Brazil Runs into the Reality of Race
When I think of Brazil, what comes to mind initially is Aquarelo Do Brazil [Water Color of Brazil], an absolutely glorious samba written by Ary Barroso in 1939, which went international when Walt Disney made a breathtaking cartoon in 1942 using the song as backdrop. The animation begs description, and one finds it hard to believe that it could have been made decades before computer graphics. The song is hypnotic and beguiling, like Brazil itself. However, the image is deceptive, as is much of Brazil.
In 2012, Brazil surpassed Britain in economic output to become the sixth biggest economy in the world. However, with five times as many people as Britain, that achievement is not as impressive as it seemed in the headlines. In reality, Britain has a 5 to 1 advantage in per capita income.
Brazil is commended for its use of gasohol, with a commensurate reduction in fossil fuels. What is ignored is that Brazil has one-quarter the number of the cars in the USA, with an equatorial climate which can support sugar cane production like no one else. Her success is suspect, and is not exportable outside Brazil.
Brazil still gets lauded as the leader of the BRIC nations (Brazil, Russia, India, and China), and as the economic powerhouse of the future; but there is a dark secret to Brazil, something the media rarely touches, but when addressed will chill the optimism of Brazil supporters.
Brazil is actually two countries: The very white European south, and the very African north. The dichotomy could not be clearer; however Brazil's own history and political correctness has conspired to hide it. Instead the world is tendered a false pretense to the siren tune of Aquarela do Brazil.
Aquarela do Brazil caricatured Brazil as a gloriously sly mulatta woman. The lyrics intoned ...
Meu mulato inzoneiro [My sly mulatto]
Bota o rei congo no congado [Put the Congo king dancing the Congo]
In the 1930s, it was an astounding to find any Western people willing to caricature themselves by means of a woman of color, but that is exactly what Brazil did, decades before the rest of the West embraced multiculturalism. Brazil's chief intellectual, Gilberto Freyre, touted "Brazil's racial roots and social harmony."
Born into a family of privilege, Gilberto Freyre converted to Protestantism and was university educated in the United States. When he returned to Brazil, Freyre wrote a series of books that made him famous in its exultation of Brazil's African roots.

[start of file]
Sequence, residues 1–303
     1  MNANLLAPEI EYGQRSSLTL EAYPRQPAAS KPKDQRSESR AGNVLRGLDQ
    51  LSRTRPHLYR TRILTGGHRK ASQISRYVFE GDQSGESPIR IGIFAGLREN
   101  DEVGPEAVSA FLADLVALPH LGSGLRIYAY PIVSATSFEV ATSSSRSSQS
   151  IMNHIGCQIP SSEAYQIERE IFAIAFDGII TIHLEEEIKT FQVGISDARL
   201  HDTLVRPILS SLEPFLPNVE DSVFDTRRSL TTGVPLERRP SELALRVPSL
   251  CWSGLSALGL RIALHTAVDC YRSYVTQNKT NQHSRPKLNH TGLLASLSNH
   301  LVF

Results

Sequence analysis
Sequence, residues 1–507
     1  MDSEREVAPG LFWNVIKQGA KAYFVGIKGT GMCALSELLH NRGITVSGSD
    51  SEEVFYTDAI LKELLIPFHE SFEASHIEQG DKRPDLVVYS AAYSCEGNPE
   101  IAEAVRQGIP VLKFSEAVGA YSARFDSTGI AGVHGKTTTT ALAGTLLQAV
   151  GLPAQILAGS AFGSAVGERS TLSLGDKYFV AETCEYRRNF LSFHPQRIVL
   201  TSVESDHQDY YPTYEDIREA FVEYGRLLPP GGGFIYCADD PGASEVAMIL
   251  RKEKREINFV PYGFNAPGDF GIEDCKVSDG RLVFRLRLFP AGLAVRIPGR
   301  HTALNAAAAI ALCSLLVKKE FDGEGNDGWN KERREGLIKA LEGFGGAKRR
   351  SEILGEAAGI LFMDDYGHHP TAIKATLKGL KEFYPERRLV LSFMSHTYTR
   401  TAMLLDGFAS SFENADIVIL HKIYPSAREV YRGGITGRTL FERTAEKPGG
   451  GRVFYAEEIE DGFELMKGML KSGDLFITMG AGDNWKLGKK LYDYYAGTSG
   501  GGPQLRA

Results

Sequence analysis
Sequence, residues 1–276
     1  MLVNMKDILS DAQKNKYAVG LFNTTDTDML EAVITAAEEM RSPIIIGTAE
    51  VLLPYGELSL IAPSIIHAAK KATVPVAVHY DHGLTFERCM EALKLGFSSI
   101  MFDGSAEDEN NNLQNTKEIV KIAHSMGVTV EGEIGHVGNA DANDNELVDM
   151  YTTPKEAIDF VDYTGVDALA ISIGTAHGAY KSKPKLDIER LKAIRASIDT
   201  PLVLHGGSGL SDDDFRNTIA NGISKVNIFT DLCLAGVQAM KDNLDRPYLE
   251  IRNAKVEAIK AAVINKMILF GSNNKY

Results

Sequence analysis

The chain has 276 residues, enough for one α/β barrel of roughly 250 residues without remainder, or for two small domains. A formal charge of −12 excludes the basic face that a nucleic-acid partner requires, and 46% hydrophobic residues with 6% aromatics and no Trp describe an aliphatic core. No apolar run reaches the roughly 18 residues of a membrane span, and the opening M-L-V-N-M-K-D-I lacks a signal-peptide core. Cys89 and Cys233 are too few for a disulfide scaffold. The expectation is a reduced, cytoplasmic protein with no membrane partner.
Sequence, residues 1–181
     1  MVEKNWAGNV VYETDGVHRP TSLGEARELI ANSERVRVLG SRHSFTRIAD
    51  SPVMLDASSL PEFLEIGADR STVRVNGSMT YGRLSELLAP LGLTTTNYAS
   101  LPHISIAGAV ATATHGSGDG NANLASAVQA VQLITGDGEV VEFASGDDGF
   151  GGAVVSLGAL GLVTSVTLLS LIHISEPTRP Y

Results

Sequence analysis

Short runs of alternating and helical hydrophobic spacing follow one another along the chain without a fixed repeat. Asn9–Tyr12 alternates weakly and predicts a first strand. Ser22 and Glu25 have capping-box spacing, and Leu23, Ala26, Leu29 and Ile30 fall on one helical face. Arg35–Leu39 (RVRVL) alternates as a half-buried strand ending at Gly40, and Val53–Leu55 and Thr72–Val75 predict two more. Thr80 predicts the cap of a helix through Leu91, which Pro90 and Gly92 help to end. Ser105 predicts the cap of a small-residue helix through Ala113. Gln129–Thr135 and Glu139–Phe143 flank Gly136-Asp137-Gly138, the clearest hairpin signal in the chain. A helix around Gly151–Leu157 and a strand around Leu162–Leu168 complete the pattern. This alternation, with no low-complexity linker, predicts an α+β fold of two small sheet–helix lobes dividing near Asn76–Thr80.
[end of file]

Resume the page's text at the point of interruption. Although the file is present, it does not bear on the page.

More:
[I]n the 1930s, Freyre introduced controversial [sic] the “Brazilian racial democracy” theory, which argued that the racial mixing (which was looked down upon in Brazil) was enriching the culture. - gilbertofryere.wordpress.com - Biography
In the United States, Freyre could have been lynched for this. In Brazil, he was given a chair in sociology at the University of Brazil. Officially, his ideas were touted as social policy.
Consider that Freyre was advocating race mixing during an era when the world stood in awe of Hilter's Aryan Übermenschen. This was no mere theory for Freyre. He would re-embrace the Catholicism of his youth since it was syncretistic with the relic pantheon of Afro-Brazilian Candomblé gods. Even Brazil's populist strongman, Getúlio Vargas, got into the act, and encouraged a celebration of Brazil's racial diversity.
The samba, formerly suppressed by authorities, was now extolled. Later on came Brazil's celebration of bossa nova, as best exemplified by Black Orpheus, the favorite movie of Obama's mother. Both samba and bossa nova would become world famous, but only when done by whites. The more African tropicalismo, while still impressive, would not succeed nearly as well.
Eighty years later, Brazil is simultaneously awe inspiring and frightening. Its industries are world class. Brazil is now a major player in aviation and arms production. São Paulo has a metro area of 20 million, and is famous for its abundance of helicopter-padded skyscrapers.
No Brazilian city is enjoying the current economic boom more than São Paulo, where executives buzz above the skyscrapers in helicopters wearing $10,000 suits. - the Guardian, 2008
Sounds futuristic, until one realizes that the rich use helicopter not only to avoid traffic jams, but to avoid driving home through slums, slums which are heavily Afro-Brazilian. Brazil's racial democracy only worked on paper. No one actually believed it. The dichotomy between black and white is still there.